A Dream of Home

During the summer of 1977-78 I travelled from Dublin to Vienna to Venice, Florence and then Corfu, Athens and onwards to Spain, ending up in Paris. I had a Eurarail Pass, travelers checks earned from movie extra work, a Thomas Cook timetable and until Greece several traveling companions who ended up leaving Corfu as they were impatient and a bit mean and the owner of the taverna where we were staying invited me to remain and suggested they go. The owner, an American named Michael had bought a half share of a taverna located in Vatos. As we boarded the ferry from Brindisi, a couple of fellow backpackers, whispered the name, "Vatos" and then, "ask for Michael". I woke up on the deck of the ferry to witness the mountains of Albania rising out of the mist and found myself feeling a deep sadness and a sense of discombobulation so intense I took out my passport and stared at the photograph to remind me of who I was.

I had been gone from the United States for almost a year, a year where I learned first how to live again, second, how to remember that there could be pure joy in sharing ideas with brilliant professors, Reading ULYSSES while each and every day included a bike ride along the route Leopold Bloom travelled, third, that friendship and love was possible again after losing my best friend to a car crash and my boyfriend to my own insanity and infidelity. Dublin, the west of Ireland, three Norwegian roommates, an unhappy man from Zimbabwe and a girl from Malahide had saved my life. Last year we scattered that girl's ashes into the Irish Sea, her husband, her son, her sisters, her friends and I cast roses after and I thought again, how lucky I was to have met her and deep breath, to be allowed to go on. How I had loved and fought with Gabrielle Reidy who never failed to assure me I must remain alive.

Corfu was a blur of beaches and tavernas and drinking until the ex Vietnam veteran arrived and late one night invited me into the olive groves to lie down next to him, listen to how many he had killed as a Marine machine gunner, listen to his declaration that he would never return to the United States, make love to someone whose pain and sadness and rage had rendered him almost inhuman but oh so handsome, so sad, so perfect for a girl who loved the Heathcliffes of this world, lost, sad, angry men. My father. The Marine had so much blood on his hands, he told me, he would never atone.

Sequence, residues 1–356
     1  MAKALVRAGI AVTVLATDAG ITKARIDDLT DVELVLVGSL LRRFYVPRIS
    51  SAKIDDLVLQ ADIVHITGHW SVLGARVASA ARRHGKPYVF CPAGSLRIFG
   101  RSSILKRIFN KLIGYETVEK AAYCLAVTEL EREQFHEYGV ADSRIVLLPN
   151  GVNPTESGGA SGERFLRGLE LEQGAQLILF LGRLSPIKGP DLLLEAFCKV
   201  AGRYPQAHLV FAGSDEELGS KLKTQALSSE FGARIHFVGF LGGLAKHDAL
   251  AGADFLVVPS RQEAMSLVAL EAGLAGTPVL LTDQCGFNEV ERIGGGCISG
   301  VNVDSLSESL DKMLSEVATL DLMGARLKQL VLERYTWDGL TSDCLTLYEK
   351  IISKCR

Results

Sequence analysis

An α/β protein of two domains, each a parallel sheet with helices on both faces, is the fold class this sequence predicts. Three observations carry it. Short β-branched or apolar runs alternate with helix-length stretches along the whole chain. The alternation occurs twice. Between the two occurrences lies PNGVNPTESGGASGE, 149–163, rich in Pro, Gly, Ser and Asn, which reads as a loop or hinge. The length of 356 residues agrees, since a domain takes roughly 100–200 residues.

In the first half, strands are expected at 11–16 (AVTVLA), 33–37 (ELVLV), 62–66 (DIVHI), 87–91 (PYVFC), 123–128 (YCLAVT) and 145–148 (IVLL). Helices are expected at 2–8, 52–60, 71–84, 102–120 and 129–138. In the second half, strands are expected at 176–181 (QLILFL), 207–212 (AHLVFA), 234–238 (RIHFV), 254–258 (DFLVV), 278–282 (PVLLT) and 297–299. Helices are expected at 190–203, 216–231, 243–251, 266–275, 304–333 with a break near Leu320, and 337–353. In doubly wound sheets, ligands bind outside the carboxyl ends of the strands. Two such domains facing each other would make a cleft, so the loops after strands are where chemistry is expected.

After two months of wandering I ended up in Paris with Gabrielle who was selling newspapers outside of the Jeu de Pomme, sharing an attic flat with a miserable girl with an eating disorder so profound she was nearly transparent. We sold our Herald Tribunes like Jean Seberg in Breathless, dumped the left-overs and took our francs to a tiny Vietnamese cafe where we split a bottle of wine and planned our night. Her mother had died that spring, still heartbroken but looking forward. We went to terrible nightclubs, flirted for drinks, danced to Saturday Night Fever and took the metro home, back to back sleeping, happy with just each other. Gabrielle was determined to convince me not to go home.

Home. The United States, New Jersey, Rutgers where I had been so unhappy I drank every day, studied hard because I wanted my parents to leave me alone, wandered around alone because my boyfriend had left me. But I was, as my Irish friends never failed to remind me, an American. I loved and hated my country, so guilty, so heroic, so excessive, so conflicted.

I took the train to gatwick, ignoring the news that told of the discount airline Laker's demise and the week-long line to buy a ticket. I had no choice. I had exactly $100 and no way to contact my parents. I followed the line down the mile that snaked through the airport and joined what turned out to be a cross between a music festival and a mad carnival. We smoked weed, played cards, gave interviews, exchanged personal stories as the night fell and we slept in heaps together.

I walked out of the terminal at Kennedy with my massive backpack, propped myself against a wall and fell asleep. When I woke up my father was standing there, the car at the curb, somehow he knew when and why and how I'd come home. 


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